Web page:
If you’re paying a large move-in fee, then you will not receive a refund upon moving out.
Sometimes, a landlord will collect an up-front payment billed as the first and last month’s rent. This means you’ll essentially be paying two months worth of rent in advance.
One good thing about this arrangement is that you won’t need to worry about paying rent for the last month of your occupancy as you will have included it when you moved in. Just be careful not to forget and pay for this rent twice.
Some landlords will choose to assess specific deposits for certain liabilities — like have a pet in the rental unit. This is usually in addition to the normal up-front costs of moving in, and legally these funds can only be used to cover costs associated with the stated purpose. (E.g., your pet deposit cannot, technically, be held to cover back rent.)
One of the most important things you can do to protect yourself as a renter is to document and submit the conditions of your rental upon moving in. Without this kind of a document, you may be held liable for damages, missing fixtures, or uncleaned areas–even if they were that way when you moved in.
It’s incredibly important for you to take some steps to protect yourself.
Four things you should do:
Most leases will stipulate specific limits on the number of people allowed to occupy the rental unit. This is done because the landlord may be held legally liable for a residence that has more occupants than are allowed per zoning or building laws, and also because it protects the landlord in the case of more tenants occupying the space than wanted or expected.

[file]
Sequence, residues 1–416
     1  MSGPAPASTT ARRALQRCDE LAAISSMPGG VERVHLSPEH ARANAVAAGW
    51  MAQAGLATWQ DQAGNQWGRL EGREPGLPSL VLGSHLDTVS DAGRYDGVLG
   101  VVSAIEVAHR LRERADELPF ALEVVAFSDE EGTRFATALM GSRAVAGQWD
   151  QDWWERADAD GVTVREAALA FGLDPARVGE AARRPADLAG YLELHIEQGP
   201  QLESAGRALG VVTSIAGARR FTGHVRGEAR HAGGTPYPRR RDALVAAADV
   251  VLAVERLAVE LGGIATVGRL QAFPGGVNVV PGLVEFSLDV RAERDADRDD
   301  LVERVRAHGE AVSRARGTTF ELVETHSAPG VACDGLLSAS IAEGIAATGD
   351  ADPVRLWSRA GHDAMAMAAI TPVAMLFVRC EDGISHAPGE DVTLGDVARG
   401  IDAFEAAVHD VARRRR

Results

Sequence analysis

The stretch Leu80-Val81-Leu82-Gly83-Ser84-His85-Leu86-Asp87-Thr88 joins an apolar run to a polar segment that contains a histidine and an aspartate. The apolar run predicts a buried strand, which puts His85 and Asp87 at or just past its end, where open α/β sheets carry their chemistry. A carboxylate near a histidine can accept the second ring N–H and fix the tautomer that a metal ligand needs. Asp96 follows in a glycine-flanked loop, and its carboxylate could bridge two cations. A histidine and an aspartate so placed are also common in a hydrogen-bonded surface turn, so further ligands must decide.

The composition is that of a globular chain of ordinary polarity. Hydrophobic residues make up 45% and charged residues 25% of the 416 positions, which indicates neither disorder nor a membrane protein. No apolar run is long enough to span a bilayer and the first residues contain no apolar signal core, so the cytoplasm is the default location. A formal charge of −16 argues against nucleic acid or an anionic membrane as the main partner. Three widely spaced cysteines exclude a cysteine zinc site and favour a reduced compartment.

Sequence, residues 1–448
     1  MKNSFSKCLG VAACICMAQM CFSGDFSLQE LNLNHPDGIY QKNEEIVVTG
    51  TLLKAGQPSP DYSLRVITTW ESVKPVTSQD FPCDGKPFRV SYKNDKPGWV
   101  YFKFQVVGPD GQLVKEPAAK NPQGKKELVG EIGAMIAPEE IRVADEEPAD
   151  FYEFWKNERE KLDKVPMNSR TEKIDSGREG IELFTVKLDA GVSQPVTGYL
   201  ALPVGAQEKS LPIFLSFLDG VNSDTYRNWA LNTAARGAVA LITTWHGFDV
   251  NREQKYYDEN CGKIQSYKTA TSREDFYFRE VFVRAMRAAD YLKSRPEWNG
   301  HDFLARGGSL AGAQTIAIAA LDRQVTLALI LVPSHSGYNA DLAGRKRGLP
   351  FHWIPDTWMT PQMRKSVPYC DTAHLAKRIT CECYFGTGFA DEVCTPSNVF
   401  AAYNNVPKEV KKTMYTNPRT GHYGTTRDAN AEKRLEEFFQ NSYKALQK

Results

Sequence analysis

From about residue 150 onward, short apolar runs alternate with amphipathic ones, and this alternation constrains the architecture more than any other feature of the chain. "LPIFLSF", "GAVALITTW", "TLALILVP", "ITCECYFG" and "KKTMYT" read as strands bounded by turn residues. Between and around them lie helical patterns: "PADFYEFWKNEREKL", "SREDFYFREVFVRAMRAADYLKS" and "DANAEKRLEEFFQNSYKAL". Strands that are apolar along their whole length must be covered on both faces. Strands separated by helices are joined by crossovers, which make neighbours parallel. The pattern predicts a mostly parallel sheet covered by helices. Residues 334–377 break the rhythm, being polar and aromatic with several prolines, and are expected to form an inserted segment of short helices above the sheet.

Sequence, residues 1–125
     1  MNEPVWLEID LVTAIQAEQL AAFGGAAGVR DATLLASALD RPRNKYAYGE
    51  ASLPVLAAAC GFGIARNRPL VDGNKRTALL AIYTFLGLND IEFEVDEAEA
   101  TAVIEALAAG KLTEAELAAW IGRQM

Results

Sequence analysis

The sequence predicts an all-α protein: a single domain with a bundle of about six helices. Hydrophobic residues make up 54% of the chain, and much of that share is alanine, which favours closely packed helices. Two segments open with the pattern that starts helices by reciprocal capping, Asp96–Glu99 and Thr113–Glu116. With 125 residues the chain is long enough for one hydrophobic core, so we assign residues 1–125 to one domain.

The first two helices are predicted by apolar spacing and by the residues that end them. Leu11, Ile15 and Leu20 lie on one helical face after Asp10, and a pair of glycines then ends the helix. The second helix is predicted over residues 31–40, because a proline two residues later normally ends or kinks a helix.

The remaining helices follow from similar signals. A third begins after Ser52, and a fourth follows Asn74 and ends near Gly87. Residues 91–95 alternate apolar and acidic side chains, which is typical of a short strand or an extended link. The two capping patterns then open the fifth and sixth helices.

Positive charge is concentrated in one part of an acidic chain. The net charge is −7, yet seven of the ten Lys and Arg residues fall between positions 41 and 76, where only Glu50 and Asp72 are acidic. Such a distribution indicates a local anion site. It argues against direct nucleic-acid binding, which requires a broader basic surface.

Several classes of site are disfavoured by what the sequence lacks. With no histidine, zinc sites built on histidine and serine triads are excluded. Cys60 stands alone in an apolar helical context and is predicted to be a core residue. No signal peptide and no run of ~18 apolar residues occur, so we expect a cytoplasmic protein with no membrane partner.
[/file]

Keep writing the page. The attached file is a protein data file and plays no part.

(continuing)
Under this clause of the lease, rentals will generally specify that only a certain number of inhabitants are allowed. It will also generally define what constitutes an inhabitant and may impose restrictions, for example, on the number of consecutive days that a person who is not on the lease is allowed to stay in the rental unit.
This is pretty standard and straightforward language, which is primarily designed as a legal precaution for the reasons outlined above. But it’s important to be aware of these terms of your lease.
Although landlords rarely enforce a clause such as this under normal circumstances (e.g., a boyfriend or girlfriend who stays over regularly), it can be used as a basis for an eviction if tenants are careless or regularly have large parties or other circumstances in which people other than the tenants may stay in the rental.
Know the specifics of your occupancy restrictions and be cognizant of any activities that may violate these terms.
It’s imperative for you to know, as a renter, how you’ll be assessed maintenance and damage fees. Most likely, you’ll be charged accordingly for any damage done within the confines of your rental unit. But that’s not the only thing to consider–what if there is damage done to the public areas or exterior of the rental?
There usually isn’t anything unusual included in maintenance fees or costs to repair damages. But one thing to watch out for is situations where you can be held liable for damage caused in public or external areas like hallways or elevators.
Most rental agreements won’t charge for costs incurred in these areas, but there have been cases of rental companies splitting any damages among all tenants. This could mean that you get an unexpected bill for something you had no part in causing. Be aware of this and read your lease carefully. Unless it’s spelled out specifically in the agreement, this situation can’t occur.